Cerebral Palsy – Chapter 36: Respiratory Problems (ebook)

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Chapter 36 of the book – Respiratory Problems

Rob Ross Russell

Respiratory problems in children with complex physical disabilities are very common. CP affects airway protection both by interfering with the swallowing mechanisms as well as potentially impairing the cough and gag reflexes. Swallowing difficulties and the increased incidence of gastrooesophageal reflux contribute to a greater likelihood of lung aspiration. Several other factors increase the likelihood of these patients developing infections and long-term lung damage. Many children with CP have had a difficult neonatal period, and chronic lung disease of prematurity is therefore a common comorbidity. Patients with CP may also have an impaired breathing pattern and a greater risk of scoliosis. Sleep can be affected, with changes both to sleep architecture and an increased incidence of obstructive sleep apnoea. In this chapter we review the physiology of respiratory function in children with CP as well as their clinical presentation and management.

About the complete book

This landmark title considers all aspects of cerebral palsy from the causes to clinical problems and their implications for individuals. An international team of experts provides clinicians and researchers with key information on the mechanisms underlying impairments in movement, development, cognition, communication, vision, feeding, behaviour, sexuality, and musculoskeletal deformities.  They present a wide range of person-centred assessment approaches, including clinical evaluation, measurement scales, neuroimaging and gait analysis. The principles of multi-disciplinary management are presented, in terms of therapist intervention, medication and surgery. The perspective of the book spans the lifelong course of cerebral palsy, taking into account worldwide differences in socio-economic and cultural factors. Many chapters are illustrated with clinical vignettes enabling direct translation into practice. Full integrated colour, with extensive cross-referencing make this a highly attractive and useful reference.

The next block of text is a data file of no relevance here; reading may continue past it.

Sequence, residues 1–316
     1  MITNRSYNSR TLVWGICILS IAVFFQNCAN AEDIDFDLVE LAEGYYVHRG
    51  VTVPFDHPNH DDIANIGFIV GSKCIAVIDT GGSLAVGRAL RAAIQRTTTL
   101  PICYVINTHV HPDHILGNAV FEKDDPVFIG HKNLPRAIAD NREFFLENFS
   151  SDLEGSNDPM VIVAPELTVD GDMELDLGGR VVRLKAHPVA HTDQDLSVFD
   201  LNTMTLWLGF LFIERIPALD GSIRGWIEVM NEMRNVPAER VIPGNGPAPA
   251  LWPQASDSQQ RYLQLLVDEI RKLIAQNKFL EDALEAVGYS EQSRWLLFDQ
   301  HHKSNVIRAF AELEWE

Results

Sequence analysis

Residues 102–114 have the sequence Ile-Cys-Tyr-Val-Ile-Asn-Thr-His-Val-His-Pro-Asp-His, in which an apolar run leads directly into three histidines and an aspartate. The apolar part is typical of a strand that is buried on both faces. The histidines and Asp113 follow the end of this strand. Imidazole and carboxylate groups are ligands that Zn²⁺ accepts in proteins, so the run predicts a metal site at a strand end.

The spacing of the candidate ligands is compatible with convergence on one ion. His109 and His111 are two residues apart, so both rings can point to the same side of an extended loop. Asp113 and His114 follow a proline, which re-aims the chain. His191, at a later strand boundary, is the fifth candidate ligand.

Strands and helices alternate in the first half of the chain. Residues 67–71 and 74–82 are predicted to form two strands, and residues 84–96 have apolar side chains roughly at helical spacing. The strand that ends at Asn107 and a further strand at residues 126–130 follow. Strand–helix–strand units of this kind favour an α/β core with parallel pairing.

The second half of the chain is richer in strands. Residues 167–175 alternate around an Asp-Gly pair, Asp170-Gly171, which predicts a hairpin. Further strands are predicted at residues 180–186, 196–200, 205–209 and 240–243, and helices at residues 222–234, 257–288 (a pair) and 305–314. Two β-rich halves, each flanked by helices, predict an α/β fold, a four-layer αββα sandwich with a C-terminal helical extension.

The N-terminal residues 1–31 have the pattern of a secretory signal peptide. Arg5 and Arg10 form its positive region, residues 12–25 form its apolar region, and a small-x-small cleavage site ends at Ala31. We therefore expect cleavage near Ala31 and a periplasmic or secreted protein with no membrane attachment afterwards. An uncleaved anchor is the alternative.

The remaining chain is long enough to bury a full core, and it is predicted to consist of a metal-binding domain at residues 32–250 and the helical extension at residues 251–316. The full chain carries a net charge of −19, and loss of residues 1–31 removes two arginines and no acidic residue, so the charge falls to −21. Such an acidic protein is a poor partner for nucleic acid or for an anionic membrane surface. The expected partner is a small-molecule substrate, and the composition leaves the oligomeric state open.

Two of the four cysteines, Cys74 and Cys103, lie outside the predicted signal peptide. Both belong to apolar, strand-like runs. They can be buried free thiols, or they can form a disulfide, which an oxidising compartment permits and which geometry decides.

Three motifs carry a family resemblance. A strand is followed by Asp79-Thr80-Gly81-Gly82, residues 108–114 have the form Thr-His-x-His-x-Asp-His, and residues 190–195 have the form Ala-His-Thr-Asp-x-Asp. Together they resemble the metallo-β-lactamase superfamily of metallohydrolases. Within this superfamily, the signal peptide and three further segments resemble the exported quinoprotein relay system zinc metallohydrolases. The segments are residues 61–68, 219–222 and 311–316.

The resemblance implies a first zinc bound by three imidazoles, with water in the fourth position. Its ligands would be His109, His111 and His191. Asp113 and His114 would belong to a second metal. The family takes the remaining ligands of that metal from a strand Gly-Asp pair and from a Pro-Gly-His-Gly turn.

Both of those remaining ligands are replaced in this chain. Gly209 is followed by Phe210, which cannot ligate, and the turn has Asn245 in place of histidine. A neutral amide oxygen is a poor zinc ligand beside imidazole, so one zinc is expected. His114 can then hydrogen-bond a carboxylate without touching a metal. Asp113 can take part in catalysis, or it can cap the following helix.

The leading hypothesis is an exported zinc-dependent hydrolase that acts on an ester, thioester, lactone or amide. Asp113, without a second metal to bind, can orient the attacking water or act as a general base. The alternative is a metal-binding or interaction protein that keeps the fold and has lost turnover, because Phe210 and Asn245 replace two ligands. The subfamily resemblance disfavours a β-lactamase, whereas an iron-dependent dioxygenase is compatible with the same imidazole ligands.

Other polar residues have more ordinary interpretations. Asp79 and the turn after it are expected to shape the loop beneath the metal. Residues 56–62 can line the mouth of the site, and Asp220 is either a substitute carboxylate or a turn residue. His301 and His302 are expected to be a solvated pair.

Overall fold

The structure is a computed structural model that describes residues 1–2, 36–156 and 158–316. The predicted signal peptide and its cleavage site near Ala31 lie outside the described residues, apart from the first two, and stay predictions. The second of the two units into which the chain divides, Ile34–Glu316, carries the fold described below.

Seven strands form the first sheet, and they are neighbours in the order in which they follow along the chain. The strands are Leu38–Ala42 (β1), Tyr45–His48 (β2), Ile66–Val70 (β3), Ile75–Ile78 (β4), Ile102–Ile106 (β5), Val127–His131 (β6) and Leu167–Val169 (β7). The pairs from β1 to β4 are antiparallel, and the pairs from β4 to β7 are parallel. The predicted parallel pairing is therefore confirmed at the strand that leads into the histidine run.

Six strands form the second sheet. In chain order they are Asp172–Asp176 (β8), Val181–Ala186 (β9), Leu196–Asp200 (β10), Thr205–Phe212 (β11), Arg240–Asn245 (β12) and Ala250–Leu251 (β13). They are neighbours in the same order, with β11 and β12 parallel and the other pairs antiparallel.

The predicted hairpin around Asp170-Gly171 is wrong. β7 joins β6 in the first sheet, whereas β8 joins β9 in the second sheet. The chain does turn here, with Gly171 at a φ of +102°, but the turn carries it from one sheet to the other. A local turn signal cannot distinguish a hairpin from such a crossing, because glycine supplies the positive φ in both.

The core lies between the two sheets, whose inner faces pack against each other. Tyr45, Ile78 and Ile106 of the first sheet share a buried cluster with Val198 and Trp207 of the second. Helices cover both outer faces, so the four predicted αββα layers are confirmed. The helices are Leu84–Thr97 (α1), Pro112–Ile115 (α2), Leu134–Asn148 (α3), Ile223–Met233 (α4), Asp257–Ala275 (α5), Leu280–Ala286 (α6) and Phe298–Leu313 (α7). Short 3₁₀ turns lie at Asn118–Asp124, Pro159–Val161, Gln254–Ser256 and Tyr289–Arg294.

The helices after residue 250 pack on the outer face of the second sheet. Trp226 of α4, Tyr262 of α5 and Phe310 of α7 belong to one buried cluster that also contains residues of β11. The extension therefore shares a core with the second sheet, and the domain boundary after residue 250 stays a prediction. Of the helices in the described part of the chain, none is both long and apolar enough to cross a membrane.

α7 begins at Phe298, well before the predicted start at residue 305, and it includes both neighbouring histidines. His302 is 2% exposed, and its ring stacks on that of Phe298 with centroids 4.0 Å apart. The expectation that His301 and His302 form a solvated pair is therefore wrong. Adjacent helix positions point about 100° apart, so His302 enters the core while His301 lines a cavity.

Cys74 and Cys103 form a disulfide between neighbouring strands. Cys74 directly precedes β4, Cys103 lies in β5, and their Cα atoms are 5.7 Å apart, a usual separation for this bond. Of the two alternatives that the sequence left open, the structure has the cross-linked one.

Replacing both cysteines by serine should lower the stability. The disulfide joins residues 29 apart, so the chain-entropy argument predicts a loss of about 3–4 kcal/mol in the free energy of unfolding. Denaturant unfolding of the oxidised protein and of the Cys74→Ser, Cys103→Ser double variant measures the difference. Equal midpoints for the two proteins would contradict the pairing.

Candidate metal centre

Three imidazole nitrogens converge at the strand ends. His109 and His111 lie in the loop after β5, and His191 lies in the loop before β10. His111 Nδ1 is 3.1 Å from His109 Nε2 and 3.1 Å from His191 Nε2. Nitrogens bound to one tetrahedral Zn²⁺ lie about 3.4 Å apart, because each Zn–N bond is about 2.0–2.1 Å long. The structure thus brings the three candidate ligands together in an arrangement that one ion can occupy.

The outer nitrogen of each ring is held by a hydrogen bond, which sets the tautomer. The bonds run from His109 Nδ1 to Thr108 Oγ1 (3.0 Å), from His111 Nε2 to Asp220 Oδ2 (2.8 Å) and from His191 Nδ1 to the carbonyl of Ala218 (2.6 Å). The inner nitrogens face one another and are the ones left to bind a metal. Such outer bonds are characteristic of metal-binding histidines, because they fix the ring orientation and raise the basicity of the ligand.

Readership: Paediatric neurologists, developmental paediatricians, rehabilitation doctors, orthopaedic surgeons, child psychiatrists, physiotherapists speech and language therapists psychologists, occupational therapists and other health and educational professionals.

Clinics in Developmental Medicine Series.